The thing about China is that the food comes priced at so many levels and is so unbelievably varied. If you want cheap food, a visit down to your classic Chinese food court and 12yuan could give you a gigantic bowl of rice, topped with two surprisingly delicious hot side dishes, or a whole bowl of wontons, or noodles. If you want fine dining, the table can overflow with unbelievably decadent dishes, with a price tag to match. Full time work meant I managed to explore the restaurants in the Sanlitun district fairly well but didn't get much opportunity to tote out my camera to document any (my Instagram, however, is a different story). This post, therefore, is very much a curated, shortened list of my favourite eats.

CHINA 2015

For an entire month and with a host family who definitely knows how to eat, I think this is a pretty short list. I may do an extended list, but without as many accompanying photos if there's enough interest. Most of these fit in a comfortable Australian student budget (50 - 100yuan per meal or $10 - $20AUD) without any difficulty at all.


It can be difficult to be in Asia as a vegetarian because the concept of being one remains very novel and meat or seafood-based stocks and products tend to permeate every level of dining. Located within Wudaoying hutong, Veggie Table is a popular vegetarian restaurant in Beijing. It serves entirely Western-inspired dishes instead of vegetarian Chinese food (which tends to heavily feature soy-based imitation meat). Think hummus, veggie hamburgers and salads. It's probably a good way to alleviate culinary-based homesickness though, as someone raised on my mother's 100% Chinese cooking since young, I have to say this was as novel to me as it probably is for most Chinese people.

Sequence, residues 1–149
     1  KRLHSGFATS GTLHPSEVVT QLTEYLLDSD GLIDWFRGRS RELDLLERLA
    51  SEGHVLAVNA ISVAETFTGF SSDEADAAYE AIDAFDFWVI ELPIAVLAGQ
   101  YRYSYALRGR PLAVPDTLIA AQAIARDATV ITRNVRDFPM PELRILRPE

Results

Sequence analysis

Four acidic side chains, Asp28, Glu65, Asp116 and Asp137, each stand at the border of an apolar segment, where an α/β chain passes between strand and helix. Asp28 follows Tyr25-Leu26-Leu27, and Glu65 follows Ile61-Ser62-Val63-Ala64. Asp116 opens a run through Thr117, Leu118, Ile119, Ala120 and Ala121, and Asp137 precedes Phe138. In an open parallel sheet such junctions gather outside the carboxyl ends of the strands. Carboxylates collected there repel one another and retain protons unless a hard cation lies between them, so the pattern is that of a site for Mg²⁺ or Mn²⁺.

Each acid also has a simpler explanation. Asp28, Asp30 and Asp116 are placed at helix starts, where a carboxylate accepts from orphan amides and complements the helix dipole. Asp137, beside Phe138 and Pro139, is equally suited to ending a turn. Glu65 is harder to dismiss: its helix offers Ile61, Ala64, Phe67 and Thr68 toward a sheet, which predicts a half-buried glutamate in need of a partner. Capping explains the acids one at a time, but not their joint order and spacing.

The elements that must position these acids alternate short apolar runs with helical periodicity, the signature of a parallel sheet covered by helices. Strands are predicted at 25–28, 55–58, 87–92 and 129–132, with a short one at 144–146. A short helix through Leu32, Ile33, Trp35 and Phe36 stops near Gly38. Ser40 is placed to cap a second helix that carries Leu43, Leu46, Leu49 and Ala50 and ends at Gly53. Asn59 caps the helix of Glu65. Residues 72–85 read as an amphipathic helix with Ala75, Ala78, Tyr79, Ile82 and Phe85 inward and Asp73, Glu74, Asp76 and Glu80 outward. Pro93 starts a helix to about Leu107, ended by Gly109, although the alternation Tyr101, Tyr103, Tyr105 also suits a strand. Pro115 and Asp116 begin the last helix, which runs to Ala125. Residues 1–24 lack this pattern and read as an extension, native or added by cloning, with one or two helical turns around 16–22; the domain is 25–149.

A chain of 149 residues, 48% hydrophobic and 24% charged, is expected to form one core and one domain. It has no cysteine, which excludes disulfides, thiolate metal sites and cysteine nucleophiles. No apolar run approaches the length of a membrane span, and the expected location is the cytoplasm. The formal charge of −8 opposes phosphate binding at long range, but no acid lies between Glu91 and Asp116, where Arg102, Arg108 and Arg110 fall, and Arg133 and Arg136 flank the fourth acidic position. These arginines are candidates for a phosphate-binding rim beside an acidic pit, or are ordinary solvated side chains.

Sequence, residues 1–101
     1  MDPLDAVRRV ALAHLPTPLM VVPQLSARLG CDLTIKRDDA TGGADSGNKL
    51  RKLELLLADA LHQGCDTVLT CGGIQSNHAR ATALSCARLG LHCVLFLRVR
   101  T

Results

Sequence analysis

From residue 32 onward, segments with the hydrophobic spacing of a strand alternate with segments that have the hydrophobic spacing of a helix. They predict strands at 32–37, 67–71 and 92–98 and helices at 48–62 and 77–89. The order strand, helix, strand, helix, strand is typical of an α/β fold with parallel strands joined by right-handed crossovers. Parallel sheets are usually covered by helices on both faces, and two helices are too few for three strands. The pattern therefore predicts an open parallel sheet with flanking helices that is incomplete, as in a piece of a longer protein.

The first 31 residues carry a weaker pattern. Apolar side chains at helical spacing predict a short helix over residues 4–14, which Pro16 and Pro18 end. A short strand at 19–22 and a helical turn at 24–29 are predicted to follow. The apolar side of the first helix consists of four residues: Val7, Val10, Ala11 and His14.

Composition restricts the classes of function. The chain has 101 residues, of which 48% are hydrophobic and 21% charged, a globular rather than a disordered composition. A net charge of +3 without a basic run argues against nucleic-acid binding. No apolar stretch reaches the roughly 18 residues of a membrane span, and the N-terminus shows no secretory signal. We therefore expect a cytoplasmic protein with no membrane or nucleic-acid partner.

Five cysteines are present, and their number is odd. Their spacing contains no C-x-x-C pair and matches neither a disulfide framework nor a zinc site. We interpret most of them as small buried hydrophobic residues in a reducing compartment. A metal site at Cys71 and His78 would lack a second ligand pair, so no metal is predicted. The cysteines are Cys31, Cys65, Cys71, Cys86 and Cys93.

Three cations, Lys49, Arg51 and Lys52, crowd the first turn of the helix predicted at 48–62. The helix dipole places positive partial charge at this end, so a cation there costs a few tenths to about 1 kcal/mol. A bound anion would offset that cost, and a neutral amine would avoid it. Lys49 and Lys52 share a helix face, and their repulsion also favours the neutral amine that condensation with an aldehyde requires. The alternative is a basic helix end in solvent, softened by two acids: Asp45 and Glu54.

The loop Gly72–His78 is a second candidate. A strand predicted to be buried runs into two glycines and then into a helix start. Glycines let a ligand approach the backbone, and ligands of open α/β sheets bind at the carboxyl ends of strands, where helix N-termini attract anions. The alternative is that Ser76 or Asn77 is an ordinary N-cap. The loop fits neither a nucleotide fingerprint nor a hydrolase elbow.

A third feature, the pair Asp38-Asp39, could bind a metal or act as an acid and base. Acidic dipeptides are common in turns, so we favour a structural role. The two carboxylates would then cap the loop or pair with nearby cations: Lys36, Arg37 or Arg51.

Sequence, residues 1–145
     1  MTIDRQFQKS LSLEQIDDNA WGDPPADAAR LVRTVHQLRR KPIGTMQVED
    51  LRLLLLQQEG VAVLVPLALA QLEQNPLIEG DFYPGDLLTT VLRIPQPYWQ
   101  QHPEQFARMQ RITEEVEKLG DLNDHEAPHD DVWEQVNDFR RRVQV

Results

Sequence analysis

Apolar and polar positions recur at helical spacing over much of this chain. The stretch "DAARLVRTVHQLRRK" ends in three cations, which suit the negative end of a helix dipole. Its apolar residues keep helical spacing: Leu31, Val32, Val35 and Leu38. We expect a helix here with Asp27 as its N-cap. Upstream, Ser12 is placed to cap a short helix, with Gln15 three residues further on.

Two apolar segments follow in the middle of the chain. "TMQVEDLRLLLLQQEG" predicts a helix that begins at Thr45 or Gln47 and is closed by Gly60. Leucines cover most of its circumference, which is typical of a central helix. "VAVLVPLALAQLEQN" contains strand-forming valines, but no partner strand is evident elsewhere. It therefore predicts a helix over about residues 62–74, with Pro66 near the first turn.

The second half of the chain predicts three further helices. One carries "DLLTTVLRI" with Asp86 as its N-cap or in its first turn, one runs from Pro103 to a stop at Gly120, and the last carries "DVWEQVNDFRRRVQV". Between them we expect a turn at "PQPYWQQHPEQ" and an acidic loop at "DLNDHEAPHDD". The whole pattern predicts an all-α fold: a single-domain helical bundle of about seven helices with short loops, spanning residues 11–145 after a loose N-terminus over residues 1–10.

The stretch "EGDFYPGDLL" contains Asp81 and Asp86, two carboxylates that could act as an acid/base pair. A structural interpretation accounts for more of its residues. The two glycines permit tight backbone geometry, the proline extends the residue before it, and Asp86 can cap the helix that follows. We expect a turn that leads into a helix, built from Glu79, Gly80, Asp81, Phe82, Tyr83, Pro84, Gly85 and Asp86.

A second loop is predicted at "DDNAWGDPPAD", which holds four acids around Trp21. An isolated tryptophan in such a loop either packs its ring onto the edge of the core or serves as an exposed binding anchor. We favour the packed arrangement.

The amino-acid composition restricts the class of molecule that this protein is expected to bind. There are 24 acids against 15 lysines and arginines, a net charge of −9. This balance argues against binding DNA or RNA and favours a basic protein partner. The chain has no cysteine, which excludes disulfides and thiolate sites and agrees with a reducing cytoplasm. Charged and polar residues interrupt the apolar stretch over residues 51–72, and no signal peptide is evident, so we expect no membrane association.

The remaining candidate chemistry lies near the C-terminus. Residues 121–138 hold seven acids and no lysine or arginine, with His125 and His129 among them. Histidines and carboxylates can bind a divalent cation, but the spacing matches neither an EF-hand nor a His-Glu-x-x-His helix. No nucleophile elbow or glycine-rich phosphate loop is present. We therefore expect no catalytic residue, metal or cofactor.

I've been fooled several times by vegetarian restaurants because when they say 'mushroom burger', I envision a gigantic portobello mushroom taking the place of the steak (which I have had...once). The 'mushroom' in this case is a patty that tastes more like mashed chickpeas and not really mushroom-like at all. That being said, it was quite fragrant (with a lightness that isn't present in meat-based burgers) and filling. And you get to feel healthier. Or maybe more virtuous.


Sumi was one of my favourite culinary discoveries in Beijing and a convenient 5min walk from my workplace. Tucked in a small alley near Beijing Worker's Stadium, the slightly shabby surroundings conceals a quirky, surprisingly large space with super cute decorations. You'll be able to spot it by its bright yellow interiors. Go there for the amazing dumplings, which slightly resemble Shanghai's xiao long bao, filled with richly flavoured soup and generous fillings. Also go there for their eggplant (茄子), which are sweet, sour, slightly crunchy on the outside and soft inside, slightly spicy and utterly amazing, especially when piping hot. It's great value for money while also being good quality food - I can definitely say it's a bit of a hidden gem.

Beijing duck really counts as a tourist bingo (read: cliche) item but it has the potential to be so good that it doesn't really matter.


Unfortunately, the most famous Beijing duck restaurant turned out a little overhyped, despite the fact my host family took me to a less tourist-heavy branch, which would supposedly yield better dishes. The duck skin was well cooked and heavenly when dipped in white sugar, but the meat was quite dry and flavourless.